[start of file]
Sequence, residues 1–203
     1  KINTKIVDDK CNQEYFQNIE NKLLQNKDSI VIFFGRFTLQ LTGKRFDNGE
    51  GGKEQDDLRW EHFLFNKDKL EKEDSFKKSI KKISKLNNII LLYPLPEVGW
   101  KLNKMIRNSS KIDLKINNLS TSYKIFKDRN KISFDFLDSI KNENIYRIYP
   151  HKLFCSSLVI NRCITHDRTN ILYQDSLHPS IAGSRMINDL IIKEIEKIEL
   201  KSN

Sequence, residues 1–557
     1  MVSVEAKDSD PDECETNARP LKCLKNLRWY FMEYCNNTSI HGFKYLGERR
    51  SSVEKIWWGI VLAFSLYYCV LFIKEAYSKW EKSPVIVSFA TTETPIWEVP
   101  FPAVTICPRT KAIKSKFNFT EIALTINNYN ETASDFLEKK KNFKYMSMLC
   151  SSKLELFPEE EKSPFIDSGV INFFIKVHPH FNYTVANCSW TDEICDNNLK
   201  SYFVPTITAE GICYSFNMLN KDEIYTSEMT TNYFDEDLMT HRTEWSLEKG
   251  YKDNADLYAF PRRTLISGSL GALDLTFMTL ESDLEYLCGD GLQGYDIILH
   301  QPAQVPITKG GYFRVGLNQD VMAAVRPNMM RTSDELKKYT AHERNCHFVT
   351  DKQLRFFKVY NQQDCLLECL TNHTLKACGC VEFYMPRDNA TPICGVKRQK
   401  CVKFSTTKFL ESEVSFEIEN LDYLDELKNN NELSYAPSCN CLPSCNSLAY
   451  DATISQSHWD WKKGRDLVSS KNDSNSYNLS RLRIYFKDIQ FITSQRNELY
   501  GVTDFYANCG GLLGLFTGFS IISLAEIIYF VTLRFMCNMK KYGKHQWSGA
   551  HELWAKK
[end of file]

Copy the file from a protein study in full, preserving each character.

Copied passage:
Sequence, residues 1–203
     1  KINTKIVDDK CNQEYFQNIE NKLLQNKDSI VIFFGRFTLQ LTGKRFDNGE
    51  GGKEQDDLRW EHFLFNKDKL EKEDSFKKSI KKISKLNNII LLYPLPEVGW
   101  KLNKMIRNSS KIDLKINNLS TSYKIFKDRN KISFDFLDSI KNENIYRIYP
   151  HKLFCSSLVI NRCITHDRTN ILYQDSLHPS IAGSRMINDL IIKEIEKIEL
   201  KSN

Sequence, residues 1–557
     1  MVSVEAKDSD PDECETNARP LKCLKNLRWY FMEYCNNTSI HGFKYLGERR
    51  SSVEKIWWGI VLAFSLYYCV LFIKEAYSKW EKSPVIVSFA TTETPIWEVP
   101  FPAVTICPRT KAIKSKFNFT EIALTINNYN ETASDFLEKK KNFKYMSMLC
   151  SSKLELFPEE EKSPFIDSGV INFFIKVHPH FNYTVANCSW TDEICDNNLK
   201  SYFVPTITAE GICYSFNMLN KDEIYTSEMT TNYFDEDLMT HRTEWSLEKG
   251  YKDNADLYAF PRRTLISGSL GALDLTFMTL ESDLEYLCGD GLQGYDIILH
   301  QPAQVPITKG GYFRVGLNQD VMAAVRPNMM RTSDELKKYT AHERNCHFVT
   351  DKQLRFFKVY NQQDCLLECL TNHTLKACGC VEFYMPRDNA TPICGVKRQK
   401  CVKFSTTKFL ESEVSFEIEN LDYLDELKNN NELSYAPSCN CLPSCNSLAY
   451  DATISQSHWD WKKGRDLVSS KNDSNSYNLS RLRIYFKDIQ FITSQRNELY
   501  GVTDFYANCG GLLGLFTGFS IISLAEIIYF VTLRFMCNMK KYGKHQWSGA
   551  HELWAKK